Researchers at France’s National Centre for Scientific Research selectively starved flies to the point where their brains had to either switch off energy-intensive memory formation or let the insect die (they did the latter). As the journal Cell Metabolism reported, such self-cannibalizing of the brain also tends to turn hunger signals up, making the search for food an even more urgent priority. Scarier still, your brain starts to literally shrink. The International Journal of Eating Disorders reported reduced brain volume in anorexia nervosa sufferers (it’s reversible if you start eating again in time).
A quick search online would make you think fasting can cure everything from dandruff to cancer. It has a lot of supporters (though scientists are more skeptical), and those who love it tend to use a more spiritual than biological approach. One website lists benefits that include anti-aging, better attitude, clearer skin, drug detoxification, more energy, new ideas, rest for digestive organs, spiritual awareness, and weight loss.
But before you dismiss such proponents as cranks, consider that the ancient Greeks cured cases of epilepsy with starvation. Today we know ketone bodies can stabilize neurons and protect against runaway brain activity that can manifest as a seizure. Since so many of the upsides listed above — even unscientific ones like “better attitude” — are ultimately based in the brain, maybe we shouldn’t dismiss the effect that ketosis can have. There’s a ketogenic diet in the nutrition world that’s indeed used to treat epilepsy to this day.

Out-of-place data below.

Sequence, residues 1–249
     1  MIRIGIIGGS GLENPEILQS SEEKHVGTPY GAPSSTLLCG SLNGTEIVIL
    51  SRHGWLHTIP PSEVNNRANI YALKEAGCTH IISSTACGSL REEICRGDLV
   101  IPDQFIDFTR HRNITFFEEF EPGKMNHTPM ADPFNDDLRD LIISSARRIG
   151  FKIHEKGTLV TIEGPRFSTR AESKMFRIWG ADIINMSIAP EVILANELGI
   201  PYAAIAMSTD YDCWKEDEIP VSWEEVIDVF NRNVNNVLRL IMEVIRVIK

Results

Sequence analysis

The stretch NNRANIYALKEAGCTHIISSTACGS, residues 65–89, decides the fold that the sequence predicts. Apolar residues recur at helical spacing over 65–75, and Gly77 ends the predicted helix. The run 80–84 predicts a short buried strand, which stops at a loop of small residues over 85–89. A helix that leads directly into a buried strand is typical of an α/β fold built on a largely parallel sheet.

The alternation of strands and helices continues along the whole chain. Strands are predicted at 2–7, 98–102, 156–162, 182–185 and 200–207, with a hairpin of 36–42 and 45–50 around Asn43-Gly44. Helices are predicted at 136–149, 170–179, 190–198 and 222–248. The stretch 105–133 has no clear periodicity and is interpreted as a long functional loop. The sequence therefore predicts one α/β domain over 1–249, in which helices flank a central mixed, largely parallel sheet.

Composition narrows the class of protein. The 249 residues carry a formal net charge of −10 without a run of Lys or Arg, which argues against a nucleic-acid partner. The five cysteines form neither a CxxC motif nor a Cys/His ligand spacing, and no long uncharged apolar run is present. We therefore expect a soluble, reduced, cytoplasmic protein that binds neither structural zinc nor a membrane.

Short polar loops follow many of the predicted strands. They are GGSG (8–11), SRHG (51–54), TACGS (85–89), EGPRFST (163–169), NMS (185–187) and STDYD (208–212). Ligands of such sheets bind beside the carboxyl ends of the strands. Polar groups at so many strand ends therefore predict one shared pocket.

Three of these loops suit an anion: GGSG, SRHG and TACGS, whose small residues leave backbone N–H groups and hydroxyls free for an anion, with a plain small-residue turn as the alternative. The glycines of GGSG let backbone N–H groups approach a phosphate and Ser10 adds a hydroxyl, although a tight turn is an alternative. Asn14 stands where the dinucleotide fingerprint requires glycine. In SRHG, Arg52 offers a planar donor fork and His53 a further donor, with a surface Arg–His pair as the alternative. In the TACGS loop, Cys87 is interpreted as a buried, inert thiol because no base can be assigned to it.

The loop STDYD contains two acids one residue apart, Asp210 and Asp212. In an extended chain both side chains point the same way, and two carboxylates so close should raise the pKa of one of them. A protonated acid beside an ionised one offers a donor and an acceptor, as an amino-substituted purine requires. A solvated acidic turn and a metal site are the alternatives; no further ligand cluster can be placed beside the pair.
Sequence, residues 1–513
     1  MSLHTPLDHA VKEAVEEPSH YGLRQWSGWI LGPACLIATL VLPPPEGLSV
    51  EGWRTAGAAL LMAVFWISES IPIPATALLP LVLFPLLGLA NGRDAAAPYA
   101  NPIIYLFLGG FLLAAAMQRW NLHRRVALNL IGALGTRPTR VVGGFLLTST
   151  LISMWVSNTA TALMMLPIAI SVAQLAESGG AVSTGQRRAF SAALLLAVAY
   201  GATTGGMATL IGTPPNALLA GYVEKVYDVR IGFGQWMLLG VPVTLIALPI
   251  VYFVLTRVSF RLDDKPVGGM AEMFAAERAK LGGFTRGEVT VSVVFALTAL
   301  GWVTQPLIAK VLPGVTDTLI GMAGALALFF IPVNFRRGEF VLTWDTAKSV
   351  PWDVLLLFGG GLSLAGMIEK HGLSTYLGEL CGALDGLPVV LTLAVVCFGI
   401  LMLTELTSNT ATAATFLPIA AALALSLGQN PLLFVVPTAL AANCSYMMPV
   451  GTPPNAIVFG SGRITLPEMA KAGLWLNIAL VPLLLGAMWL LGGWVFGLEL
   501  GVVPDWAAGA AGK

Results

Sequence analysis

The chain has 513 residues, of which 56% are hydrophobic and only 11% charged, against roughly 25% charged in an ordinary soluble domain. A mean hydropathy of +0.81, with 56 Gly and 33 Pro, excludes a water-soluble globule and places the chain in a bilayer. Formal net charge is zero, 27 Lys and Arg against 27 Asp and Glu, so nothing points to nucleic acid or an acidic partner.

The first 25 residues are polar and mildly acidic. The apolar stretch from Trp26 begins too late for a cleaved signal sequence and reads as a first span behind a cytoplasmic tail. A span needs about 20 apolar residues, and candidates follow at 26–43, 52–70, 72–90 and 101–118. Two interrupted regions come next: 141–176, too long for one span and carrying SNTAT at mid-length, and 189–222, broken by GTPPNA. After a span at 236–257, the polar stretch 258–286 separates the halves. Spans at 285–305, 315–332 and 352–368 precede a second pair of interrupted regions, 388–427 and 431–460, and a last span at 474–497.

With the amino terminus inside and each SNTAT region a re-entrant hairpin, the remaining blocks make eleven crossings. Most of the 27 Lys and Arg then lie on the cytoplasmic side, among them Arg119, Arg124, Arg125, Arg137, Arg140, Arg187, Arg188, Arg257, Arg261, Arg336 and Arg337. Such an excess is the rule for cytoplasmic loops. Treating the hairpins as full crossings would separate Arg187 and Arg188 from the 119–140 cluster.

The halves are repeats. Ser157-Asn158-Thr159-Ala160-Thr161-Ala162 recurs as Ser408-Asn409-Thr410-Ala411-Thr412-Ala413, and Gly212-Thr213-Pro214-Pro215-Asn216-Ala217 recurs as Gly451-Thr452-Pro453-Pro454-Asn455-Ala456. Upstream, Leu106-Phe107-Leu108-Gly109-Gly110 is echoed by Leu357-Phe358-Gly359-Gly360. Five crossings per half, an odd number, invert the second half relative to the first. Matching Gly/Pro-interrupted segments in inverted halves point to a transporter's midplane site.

Of course, some of the reasons put forward for fasting are scientifically dubious at best, and in some cases the jury’s simply still out. One of the most popular diet trends is detoxing — regimens of cutting all but a select few foodstuffs from our diet for extended periods. Steve Jobs ate only fruit for long periods, but when actor Ashton Kutcher (who played him in the film “Jobs”) tried the same thing, he ended up hospitalized in agony with pancreatic problems.
Still, many detox devotees will tell you they go through a period of intense exhaustion, depression, lack of mental focus or sickness during the initial “purge,” followed by greater health, vitality, and mental clarity than ever. Could we have gone through periods of detox enforced by resource scarcity during our evolution, with the positive response to such activity today being simply the expression of a healthy behavior we’ve forgotten?
So far, science tends not to agree. As one nutrition science department chair told LiveScience, our liver and kidneys do a remarkable job of cleansing our bodies of toxins — we don’t have to do it for them. “Increasing fruit and vegetable intake, whole grain intake and drinking more water over sweetened beverages would go a lot farther to improve someone’s health over the long-term than a cleanse.” An emeritus professor of complementary medicine at Exeter University called detoxing “a word being hijacked by entrepreneurs, quacks, and charlatans to sell a bogus treatment that allegedly detoxifies your body of toxins you’re supposed to have accumulated.”